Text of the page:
THIRUVANANTHAPURAM: Engineering graduates and postgraduates can now do internship in local self government institutions (LSGI ) as well as project management units and related institutions under LSGD at a monthly stipend starting from Rs 10,000. The joint collaboration between department of higher education and LSGD is being implemented as part of making use of engineering students’ skills in resolving technical issues related to LSGD and to create job opportunities. Various meetings were convened earlier to facilitate the collaboration and launch internship in LSGIs for engineering students. The project also aims at availing consultancy service in various fields from the faculties in engineering colleges. Those who complete their courses in government, aided, self-financing engineering colleges can apply for internship in local bodies and in related institutions like KILA, Suchitwa Mission, MGNREGA, Clean Kerala company, Amrut mission management unit etc. The internship will be for a period of one year. The graduates and postgraduates will get monthly stipend of Rs 10,000 and Rs 15,000, respectively. Registration for internship can be done via ASAP (additional skill acquisition programme). Block panchayats and municipalities will offer internship for two civil engineering students each while gram panchayats will offer internship for one civil engineering student. In district panchayats and corporations, internship will be available for two civil engineering students, one student each from electrical engineering and mechanical/automobile engineering wing.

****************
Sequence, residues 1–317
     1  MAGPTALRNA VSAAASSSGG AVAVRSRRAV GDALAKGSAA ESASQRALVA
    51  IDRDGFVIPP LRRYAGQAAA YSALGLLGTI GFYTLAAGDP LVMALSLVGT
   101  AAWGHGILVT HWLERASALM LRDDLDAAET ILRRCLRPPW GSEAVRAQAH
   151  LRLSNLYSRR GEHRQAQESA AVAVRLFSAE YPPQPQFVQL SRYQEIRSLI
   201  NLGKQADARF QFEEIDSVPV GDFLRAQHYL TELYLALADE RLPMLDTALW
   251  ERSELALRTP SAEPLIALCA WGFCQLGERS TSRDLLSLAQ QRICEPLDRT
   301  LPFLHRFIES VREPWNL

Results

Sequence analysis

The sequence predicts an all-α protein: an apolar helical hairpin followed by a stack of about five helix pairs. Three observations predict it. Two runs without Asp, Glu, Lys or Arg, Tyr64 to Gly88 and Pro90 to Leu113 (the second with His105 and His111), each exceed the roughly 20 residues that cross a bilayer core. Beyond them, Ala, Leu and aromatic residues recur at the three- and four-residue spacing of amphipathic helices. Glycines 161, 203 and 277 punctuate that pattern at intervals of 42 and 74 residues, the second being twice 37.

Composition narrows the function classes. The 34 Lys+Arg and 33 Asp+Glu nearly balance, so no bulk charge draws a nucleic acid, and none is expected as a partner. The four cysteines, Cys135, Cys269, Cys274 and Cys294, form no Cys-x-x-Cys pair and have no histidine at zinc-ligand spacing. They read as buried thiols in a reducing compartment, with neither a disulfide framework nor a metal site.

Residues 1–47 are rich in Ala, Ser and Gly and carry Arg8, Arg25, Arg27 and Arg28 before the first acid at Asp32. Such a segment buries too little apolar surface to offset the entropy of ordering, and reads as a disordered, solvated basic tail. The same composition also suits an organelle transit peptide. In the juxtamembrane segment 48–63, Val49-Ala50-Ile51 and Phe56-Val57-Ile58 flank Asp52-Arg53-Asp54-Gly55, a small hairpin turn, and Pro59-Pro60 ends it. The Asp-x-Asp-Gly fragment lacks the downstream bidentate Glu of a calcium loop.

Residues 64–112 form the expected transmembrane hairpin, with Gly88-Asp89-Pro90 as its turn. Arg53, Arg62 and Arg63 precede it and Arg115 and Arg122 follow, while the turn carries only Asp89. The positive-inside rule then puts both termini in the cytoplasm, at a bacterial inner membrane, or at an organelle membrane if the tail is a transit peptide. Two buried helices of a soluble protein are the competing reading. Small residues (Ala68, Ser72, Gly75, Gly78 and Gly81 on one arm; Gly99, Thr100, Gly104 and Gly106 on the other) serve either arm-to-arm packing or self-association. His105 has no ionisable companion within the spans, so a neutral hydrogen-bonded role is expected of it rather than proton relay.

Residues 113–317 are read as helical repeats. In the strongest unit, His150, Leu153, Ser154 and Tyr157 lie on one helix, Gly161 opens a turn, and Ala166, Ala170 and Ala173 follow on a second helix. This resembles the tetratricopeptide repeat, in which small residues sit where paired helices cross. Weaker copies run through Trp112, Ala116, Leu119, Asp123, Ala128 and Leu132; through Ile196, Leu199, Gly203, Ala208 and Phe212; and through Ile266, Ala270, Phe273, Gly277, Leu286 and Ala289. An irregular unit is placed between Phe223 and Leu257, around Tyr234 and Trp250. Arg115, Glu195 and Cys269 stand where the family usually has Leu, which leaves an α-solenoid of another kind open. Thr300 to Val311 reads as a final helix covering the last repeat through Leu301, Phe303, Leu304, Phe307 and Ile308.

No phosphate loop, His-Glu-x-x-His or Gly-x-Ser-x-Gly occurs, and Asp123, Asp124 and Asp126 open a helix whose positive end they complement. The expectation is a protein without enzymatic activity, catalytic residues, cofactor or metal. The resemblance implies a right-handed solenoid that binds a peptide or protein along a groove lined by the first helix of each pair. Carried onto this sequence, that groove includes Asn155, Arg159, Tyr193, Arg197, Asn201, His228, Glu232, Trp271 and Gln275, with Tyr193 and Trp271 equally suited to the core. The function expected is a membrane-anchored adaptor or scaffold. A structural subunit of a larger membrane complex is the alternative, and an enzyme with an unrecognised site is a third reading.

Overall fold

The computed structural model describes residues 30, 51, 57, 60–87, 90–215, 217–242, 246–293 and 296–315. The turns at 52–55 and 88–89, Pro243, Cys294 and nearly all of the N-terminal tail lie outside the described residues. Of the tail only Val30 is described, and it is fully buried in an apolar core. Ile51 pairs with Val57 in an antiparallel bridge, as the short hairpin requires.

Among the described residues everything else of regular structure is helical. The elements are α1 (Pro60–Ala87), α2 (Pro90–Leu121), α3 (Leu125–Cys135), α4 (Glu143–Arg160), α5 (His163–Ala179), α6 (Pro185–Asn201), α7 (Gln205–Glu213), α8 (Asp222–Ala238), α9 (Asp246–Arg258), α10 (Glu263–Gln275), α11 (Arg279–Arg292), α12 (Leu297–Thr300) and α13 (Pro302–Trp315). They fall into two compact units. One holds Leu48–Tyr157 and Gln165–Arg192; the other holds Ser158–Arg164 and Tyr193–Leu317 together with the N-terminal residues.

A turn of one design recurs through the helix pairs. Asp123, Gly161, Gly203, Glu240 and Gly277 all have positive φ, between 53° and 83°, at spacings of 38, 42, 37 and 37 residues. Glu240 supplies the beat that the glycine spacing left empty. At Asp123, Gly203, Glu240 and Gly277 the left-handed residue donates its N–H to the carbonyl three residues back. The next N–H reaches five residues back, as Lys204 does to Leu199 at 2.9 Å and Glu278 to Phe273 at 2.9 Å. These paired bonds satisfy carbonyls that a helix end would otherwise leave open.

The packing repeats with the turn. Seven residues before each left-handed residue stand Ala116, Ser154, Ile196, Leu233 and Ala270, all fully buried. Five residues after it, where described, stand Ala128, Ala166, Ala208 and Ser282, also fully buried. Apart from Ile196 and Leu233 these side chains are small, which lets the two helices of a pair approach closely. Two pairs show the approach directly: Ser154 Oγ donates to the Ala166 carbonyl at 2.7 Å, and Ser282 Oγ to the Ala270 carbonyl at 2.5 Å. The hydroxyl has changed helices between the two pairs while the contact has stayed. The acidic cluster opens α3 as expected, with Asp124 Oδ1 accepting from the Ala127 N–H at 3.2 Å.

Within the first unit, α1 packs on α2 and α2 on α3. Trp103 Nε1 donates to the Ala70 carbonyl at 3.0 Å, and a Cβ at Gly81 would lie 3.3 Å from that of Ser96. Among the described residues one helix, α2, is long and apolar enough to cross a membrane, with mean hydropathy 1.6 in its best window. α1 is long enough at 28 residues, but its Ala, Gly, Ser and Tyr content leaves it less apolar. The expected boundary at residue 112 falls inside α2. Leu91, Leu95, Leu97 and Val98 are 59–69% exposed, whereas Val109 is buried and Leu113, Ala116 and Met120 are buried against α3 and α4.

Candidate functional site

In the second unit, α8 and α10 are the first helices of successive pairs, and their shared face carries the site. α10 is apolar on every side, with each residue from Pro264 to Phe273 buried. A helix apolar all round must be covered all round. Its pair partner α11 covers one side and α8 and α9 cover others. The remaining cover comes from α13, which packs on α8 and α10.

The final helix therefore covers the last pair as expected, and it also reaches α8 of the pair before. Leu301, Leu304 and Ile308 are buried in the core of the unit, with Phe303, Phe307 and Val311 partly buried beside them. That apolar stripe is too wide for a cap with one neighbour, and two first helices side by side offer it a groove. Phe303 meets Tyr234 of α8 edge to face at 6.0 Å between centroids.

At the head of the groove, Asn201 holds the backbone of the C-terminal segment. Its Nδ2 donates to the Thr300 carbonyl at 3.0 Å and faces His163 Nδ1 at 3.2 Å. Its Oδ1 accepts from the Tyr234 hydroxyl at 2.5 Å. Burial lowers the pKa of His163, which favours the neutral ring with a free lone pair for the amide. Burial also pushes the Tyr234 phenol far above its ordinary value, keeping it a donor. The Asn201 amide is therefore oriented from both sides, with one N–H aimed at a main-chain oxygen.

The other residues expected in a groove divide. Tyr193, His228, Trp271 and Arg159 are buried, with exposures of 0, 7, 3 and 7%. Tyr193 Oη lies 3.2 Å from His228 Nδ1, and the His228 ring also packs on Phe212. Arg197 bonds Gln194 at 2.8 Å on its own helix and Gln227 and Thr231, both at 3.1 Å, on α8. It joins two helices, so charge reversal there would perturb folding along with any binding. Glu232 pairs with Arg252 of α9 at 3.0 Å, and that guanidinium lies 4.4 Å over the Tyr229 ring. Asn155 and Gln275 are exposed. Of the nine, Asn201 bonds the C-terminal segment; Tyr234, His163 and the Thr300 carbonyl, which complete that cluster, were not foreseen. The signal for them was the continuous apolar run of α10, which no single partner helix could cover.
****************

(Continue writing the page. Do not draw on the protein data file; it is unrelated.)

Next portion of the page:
LSGD additional chief secretary T K Jose has directed local body heads to register on state internship portal of ASAP and record details of areas and projects where internship can be done in respective local bodies or institutions. A nodal officer will be appointed for facilitating internship. LSGD has also directed local bodies to make opportunities for students to do project works related to their curriculum in local bodies. Engineering startup units suiting the needs of LSGIs shall be opened in all engineering colleges. Plans and projects will be prepared in local bodies in a way that could make use of the skills of students applying for internship. The engineers in local bodies will issue a structured programme for students coming up with internships and project works. The details of project works and internships will be published on LSGD website. The engineering wing will do regular assessment and give feedback to ASAP and higher education department. The project also moots consultancy by faculty of engineering colleges based on approved fees for various projects being implemented by local bodies. – Courtesy / KTU Circular – LSGD- Availing the services of Students and Teachers of Engineering Colleges for LSGs-Guidelines-Govt Order Isued
India is world’s third largest producer of scientific articles: Report | PTI | Times of India | 18 December 2019 |